Roxane B. Salonen
FARGO — Initially, Lisa Hanson tried to avert her eyes, head and heart when it came to human trafficking. She didn't want to face that sex-trafficking happens right under our noses. Or that 80 percent of 'johns,' or buyers, are married with children or the fact that the interstate-surrounded Fargo-Moorhead area offers prime access for this lucrative, back-alley business.
In the movie "Hacksaw Ridge," a foxhole scene shows two men who've been at odds with one another discovering their common humanity during a pause in the battle. While not easy on the eyes, the film is good on the heart, and my viewing of it, just after the presidential election, couldn't have come at a better time. The end of 2016 tried our country in ways some of us have not quite experienced before. Emotions that had been roiling beneath the surface burst forth, threatening our ability to see one another from the inside-out.
"I love you, Roxane." The words reach deeply into my heart this quiet evening as my husband and I glance out the window from my mother's sixth-floor apartment unit in Bismarck. We're confronting the reality that we are snowed in for a few days at Christmas time — a fate that feels more like a blessing than a curse this moment. After all, we're together — literally, and beyond that, too. We have made it through 25 years of marriage, and right now, that feels like something.
MOORHEAD — In Caleb Boyer's first published book, "Island Games: Mystery of the Four Quadrants," best friends Matthew and Ryan find themselves trapped on a remote island with limited memory and resources. Overcoming obstacles becomes possible through working together as well as adding a heaping of kid-appropriate humor. Caleb, now 12 and a seventh-grader at Park Christian School in Moorhead, knows a bit about overcoming obstacles.
A couple years ago, I joined several busloads of high school students on a trip to the annual March of Life rally at our nation's capital. We journeyed hundreds of miles in cramped quarters, rested minimally, took part in a monumental walk with throngs of others along Constitution Avenue and enjoyed a fair amount of sightseeing. Our trip was nearing its close when our bus stopped for one final point of interest at the Basilica of the National Shrine of the Immaculate Conception.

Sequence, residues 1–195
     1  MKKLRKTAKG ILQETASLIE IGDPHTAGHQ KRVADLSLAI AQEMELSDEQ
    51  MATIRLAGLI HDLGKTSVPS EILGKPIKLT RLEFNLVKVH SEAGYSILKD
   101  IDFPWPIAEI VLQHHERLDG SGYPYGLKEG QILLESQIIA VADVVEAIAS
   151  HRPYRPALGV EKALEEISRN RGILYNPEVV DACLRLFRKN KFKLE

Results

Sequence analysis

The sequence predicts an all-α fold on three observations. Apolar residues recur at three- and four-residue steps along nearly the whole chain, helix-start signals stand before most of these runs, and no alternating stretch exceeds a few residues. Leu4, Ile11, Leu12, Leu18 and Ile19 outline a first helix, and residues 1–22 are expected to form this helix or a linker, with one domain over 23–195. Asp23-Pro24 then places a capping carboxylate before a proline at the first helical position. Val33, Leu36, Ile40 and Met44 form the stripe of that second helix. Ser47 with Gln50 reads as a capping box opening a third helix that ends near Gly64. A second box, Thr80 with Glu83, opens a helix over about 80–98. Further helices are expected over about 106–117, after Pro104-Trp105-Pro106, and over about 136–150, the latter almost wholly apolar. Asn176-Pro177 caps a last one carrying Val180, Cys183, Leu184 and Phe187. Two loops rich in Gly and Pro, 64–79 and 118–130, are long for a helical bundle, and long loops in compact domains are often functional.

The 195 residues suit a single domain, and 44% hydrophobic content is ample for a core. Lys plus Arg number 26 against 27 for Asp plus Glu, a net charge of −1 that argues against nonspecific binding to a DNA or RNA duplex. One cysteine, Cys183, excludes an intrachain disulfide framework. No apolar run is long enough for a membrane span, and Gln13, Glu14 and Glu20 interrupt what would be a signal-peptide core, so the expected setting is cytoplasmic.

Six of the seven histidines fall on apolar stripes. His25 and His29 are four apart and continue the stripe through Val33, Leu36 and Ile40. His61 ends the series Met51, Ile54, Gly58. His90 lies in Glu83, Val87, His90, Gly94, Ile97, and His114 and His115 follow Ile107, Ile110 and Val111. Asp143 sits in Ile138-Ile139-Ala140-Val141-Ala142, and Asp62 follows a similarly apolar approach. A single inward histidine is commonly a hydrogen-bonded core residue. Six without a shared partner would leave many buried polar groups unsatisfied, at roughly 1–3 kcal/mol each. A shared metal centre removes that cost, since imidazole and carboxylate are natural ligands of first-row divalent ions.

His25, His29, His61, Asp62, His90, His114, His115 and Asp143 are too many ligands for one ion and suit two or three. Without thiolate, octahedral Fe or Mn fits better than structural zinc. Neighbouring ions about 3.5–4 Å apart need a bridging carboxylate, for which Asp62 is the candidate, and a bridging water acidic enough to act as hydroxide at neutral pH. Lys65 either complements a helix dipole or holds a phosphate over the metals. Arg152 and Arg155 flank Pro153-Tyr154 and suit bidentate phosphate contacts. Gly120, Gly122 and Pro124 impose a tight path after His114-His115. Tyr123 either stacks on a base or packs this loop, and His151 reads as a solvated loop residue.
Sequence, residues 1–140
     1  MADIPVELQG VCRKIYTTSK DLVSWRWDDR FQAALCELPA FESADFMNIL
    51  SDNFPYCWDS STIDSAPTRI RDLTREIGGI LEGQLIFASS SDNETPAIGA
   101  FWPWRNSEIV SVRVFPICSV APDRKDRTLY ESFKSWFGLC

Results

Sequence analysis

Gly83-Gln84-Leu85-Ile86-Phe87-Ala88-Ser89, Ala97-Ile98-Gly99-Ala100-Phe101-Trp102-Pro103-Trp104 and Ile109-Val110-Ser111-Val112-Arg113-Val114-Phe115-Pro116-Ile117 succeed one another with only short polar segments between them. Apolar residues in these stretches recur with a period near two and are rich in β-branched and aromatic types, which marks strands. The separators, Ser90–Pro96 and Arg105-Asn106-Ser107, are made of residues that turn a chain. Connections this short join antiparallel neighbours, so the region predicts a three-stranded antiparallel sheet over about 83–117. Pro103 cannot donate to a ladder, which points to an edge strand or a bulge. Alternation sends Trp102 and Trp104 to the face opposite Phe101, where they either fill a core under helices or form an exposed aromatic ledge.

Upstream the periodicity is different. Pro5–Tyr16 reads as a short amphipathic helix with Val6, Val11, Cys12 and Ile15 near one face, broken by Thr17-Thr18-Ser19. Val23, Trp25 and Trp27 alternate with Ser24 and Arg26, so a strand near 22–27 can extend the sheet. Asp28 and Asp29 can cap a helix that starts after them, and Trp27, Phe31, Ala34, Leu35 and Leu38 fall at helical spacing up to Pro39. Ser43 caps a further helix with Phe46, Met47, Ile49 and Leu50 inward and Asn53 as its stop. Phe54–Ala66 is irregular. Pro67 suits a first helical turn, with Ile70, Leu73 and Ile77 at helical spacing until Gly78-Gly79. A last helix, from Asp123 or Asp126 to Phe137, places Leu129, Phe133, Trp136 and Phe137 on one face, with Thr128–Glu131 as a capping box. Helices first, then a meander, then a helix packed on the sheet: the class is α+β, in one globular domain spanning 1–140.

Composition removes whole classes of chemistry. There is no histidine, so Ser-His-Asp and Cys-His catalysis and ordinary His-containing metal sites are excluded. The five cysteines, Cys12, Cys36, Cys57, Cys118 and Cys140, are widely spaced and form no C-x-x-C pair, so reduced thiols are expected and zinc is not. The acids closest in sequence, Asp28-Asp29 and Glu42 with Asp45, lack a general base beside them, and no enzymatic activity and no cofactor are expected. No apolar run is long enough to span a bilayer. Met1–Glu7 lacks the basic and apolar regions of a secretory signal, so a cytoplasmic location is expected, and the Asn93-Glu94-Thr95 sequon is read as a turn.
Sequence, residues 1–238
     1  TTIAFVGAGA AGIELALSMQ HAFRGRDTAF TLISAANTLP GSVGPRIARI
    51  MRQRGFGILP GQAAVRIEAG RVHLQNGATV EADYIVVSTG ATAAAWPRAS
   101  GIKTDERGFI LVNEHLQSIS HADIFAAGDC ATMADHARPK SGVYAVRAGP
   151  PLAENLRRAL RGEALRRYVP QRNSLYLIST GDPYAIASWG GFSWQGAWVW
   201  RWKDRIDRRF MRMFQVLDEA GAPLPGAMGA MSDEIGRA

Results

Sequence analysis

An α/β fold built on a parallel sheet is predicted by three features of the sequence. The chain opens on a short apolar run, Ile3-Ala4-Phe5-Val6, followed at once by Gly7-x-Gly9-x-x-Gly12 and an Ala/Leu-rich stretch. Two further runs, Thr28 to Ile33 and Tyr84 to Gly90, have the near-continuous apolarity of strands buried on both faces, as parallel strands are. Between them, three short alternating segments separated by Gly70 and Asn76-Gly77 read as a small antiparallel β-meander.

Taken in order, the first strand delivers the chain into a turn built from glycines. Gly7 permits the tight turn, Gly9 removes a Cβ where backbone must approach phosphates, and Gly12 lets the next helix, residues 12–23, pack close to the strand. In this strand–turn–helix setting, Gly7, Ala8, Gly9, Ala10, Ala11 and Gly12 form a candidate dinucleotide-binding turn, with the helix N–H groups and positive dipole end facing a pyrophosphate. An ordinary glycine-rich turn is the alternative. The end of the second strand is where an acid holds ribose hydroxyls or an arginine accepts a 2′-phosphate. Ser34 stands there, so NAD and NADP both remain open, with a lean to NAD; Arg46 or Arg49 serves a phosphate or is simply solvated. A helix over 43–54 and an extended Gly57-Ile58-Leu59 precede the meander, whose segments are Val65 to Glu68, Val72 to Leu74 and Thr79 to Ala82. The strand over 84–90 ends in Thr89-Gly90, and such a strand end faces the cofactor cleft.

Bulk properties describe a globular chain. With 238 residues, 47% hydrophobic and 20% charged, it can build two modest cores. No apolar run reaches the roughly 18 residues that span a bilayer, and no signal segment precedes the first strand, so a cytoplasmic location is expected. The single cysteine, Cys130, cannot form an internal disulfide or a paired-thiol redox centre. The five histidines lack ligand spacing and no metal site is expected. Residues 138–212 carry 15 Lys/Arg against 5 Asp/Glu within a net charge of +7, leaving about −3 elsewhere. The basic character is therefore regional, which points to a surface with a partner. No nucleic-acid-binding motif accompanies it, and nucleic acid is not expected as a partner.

FARGO — Poet Timothy Murphy has found his former muse unable to keep pace with inspiring what he can now muster in meter. "My muse was sitting with her nine sisters and her mother Mnemosyne on a well in Mount Helicon 30 miles north of Athens, but of course, I didn't believe in them the way I believe in the Holy Spirit," Murphy says. Undoubtedly, his conversion back to Christianity over a decade ago has helped keep his pen well-inked.
Quietly, and with great concern, I've watched the controversy at Standing Rock unfold. Though it might seem a white woman, or "wasicu," writing about faith would have little to say on the matter, I grew up alongside the Lakota and Assiniboine on the Fort Peck Reservation in northeast Montana, where my parents taught and lived for 37 years. Given that my formative years happened in Indian Country, maybe my perspective could be helpful. Certainly, the situation has been pressing on my heart; I have friends in both worlds and love them all.
FARGO — No one would guess the hell Shegitu Kebede has lived through. The scars she bears from her horrific childhood in Ethiopia in the 1970s do not show visibly. Instead, those who encounter her see only her poised, grace-filled presence. The losses — her biological parents at age five from war; her missionary parents from political tumult; her faith in God temporarily; her siblings; and eventually her innocence as she was raped after fleeing a Kenyan refugee camp at night, pregnant and vulnerable — go deep, reemerging only as haunting reminders.
On Nov. 8, I began the morning reading the Word of God and other inspirational writings to help start my day solid. And then I poured out my heart to God, begging for some sign that he is indeed with us, his hand near. I didn't pray for a specific result, just that his merciful will would be obvious. I knew that not only the United States, but the world, was counting on this election's outcome. I begged God to bring relief to the oppressed across the world and in our own country, regardless of how the votes leaned.
HORACE, N.D. — Like any mother and wife with cancer, Heidi Frie has good reason to be miffed at God. After all, from the beginning, the severity of the disease's injustice hit hard. "Ironically, the day after I went into the hospital, Anna was getting confirmed," Heidi recalls, of the week in June 2011 when pains in her body had become too fierce to ignore.